Ken Clouston, a 51-year-old physical therapist and CEO of Gillette Physical Health, is in his fourth year on the board and believes that experience will be valuable because big changes are expected.
He said he runs his business on metrics and data and would like to see the district use a similar approach.
“To be a top school district, what do we need to do, and what are our goals, and how do we hold ourselves accountable?” Clouston said. “I think we need to have objective numbers that your staff can see and students can see and the community can see.
“It holds everybody a little bit more accountable. We’re all competitive, and I think it raises the bar for us.”
Susan Bennett, 61, retired after 30 years as a classroom teacher, 27 of which were spent in Campbell County. She said she can leverage her relationships from her years in the classroom.
“Things are changing right now, we all know that, we all sense it, we’ve all been in the quarantine and the COVID-19 stuff,” Bennett said. “I just know that the district is facing lots of changes, and I feel I have the expertise and experience that I can lend my help to that and keep the conversation going and collaborate with administration, teachers, students and parents.”
Heidi Herrmann, 38, is self-employed doing environmental consulting for Peabody Energy Corp. and is the parent of a first grader in the district with another youngster who will start kindergarten next year.
“With them being students in the school district, I thought it was important to run for school board to help the continued success of students and teachers,” Herrmann said. “I think it would be good to have a fresh perspective ... coming in as a member of the community who works for the energy industry, whose family is supported by the energy industry.”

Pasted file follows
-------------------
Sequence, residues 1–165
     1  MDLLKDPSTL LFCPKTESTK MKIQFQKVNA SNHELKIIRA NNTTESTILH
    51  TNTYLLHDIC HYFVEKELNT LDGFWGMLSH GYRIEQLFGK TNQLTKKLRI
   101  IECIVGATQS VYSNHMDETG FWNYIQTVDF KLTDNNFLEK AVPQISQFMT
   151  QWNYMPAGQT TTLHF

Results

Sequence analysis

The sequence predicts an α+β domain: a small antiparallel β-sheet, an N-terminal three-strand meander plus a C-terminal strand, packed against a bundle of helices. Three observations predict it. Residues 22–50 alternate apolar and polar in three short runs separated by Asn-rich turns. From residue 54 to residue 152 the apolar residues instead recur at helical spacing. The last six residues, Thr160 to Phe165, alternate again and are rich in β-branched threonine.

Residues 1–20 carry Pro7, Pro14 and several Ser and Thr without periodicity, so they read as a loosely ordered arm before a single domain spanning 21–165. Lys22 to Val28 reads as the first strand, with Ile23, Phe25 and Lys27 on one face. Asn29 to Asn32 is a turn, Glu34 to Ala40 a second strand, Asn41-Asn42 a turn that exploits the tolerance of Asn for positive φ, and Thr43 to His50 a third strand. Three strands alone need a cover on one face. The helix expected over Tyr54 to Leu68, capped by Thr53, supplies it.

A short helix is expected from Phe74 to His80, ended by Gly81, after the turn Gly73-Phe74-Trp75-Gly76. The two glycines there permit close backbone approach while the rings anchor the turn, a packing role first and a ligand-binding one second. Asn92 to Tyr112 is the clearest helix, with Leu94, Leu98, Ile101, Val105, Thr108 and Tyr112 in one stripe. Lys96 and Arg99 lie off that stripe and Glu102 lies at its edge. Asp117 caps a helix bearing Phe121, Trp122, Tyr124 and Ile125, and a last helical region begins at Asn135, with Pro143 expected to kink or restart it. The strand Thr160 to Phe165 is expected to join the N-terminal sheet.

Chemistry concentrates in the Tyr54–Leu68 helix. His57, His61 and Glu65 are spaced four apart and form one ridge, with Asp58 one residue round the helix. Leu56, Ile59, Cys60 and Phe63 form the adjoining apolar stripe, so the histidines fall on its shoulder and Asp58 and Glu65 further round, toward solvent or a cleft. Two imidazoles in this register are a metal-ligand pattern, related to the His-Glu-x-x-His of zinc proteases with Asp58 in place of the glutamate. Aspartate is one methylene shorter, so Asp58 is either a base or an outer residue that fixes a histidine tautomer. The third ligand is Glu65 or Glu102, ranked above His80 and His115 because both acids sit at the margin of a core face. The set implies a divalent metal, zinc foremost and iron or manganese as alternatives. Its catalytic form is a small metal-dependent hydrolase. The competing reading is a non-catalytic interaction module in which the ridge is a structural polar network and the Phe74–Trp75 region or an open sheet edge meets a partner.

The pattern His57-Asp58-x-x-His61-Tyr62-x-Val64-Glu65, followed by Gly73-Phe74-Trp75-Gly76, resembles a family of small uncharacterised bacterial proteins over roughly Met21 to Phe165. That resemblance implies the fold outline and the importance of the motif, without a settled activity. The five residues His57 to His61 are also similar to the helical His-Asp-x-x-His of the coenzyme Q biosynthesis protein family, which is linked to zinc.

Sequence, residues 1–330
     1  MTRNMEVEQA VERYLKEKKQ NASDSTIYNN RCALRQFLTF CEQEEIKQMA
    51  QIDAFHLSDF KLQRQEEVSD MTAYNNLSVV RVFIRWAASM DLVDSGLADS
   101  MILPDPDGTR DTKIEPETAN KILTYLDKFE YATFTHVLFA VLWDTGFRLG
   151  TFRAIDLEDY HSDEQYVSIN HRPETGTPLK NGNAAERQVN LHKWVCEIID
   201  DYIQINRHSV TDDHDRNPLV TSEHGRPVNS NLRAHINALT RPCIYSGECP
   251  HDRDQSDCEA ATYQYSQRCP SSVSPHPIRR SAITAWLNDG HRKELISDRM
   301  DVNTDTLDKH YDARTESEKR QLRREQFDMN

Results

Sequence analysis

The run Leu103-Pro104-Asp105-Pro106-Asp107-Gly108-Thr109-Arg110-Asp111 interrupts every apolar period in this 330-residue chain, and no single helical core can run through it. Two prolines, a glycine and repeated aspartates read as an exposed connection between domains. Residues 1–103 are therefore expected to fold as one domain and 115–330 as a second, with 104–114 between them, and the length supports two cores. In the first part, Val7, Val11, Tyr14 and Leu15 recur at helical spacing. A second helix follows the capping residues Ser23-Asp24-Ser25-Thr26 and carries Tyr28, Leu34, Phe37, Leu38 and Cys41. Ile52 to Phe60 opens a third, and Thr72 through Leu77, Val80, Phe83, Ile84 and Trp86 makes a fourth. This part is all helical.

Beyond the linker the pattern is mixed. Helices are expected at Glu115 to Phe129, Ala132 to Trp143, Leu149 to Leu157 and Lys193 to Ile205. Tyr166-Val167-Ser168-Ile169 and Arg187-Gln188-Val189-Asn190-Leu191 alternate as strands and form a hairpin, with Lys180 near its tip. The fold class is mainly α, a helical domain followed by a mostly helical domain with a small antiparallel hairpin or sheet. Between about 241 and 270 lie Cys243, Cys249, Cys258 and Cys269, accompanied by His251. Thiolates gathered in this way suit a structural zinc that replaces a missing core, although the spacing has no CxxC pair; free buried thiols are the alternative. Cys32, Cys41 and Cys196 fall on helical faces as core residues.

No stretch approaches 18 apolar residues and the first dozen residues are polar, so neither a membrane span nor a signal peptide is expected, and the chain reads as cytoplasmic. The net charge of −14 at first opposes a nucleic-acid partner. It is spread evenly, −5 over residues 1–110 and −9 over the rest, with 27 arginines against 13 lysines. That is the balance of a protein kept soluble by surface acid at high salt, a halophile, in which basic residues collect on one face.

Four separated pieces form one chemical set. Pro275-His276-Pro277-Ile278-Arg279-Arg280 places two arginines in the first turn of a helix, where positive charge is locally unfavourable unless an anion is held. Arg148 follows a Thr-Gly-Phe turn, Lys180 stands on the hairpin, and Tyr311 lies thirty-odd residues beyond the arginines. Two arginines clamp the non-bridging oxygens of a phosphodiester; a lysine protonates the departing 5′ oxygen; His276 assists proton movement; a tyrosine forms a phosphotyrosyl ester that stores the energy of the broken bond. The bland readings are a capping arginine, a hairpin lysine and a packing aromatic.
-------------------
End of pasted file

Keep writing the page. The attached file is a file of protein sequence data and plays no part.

She also has a master’s degree in chemistry and said she’s a “very analytical person,” which would allow her “to see the whole picture and make decisions that would benefit the students, teachers and community of Gillette.”
Larry Steiger, 71, retired after spending 32 years in the district as a teacher and principal. He advocates for fresh ideas from a new crop of trustees.
He said that incumbents on their third or fourth terms have been in office too long, comparing it to “the same problem we have in Congress.”
Steiger pleaded guilty in 2011 to a felony fraud charge. He admitted making a false claim or voucher by using a school district credit card to buy a weight bench for use at home. He was given a deferred sentence and after completing four years of probation, the charge was dismissed, along with his guilty plea.
“Well, I have learned from that decision,” Steiger said in addressing the issue. “It was the most stupid thing to happen to me in my life, but I’ve paid my dues. You learn from it, which I have, and now I want to share my expertise.”
Heidi Gross, 59, has been executive director of the Gillette College Foundation for almost seven years.
Her role has prepared her to make tough budget-related decisions when the time comes, because the “biggest issue in the coming years is K-12 funding,” she said.
“I think I am fiscally responsible as the foundation director here at the college,” Gross said. “I managed a very large endowment, so my integrity and my ethics are beyond reproach.”
She oversees the foundation’s 17-member board and also serves on the Campbell County Public Land Board.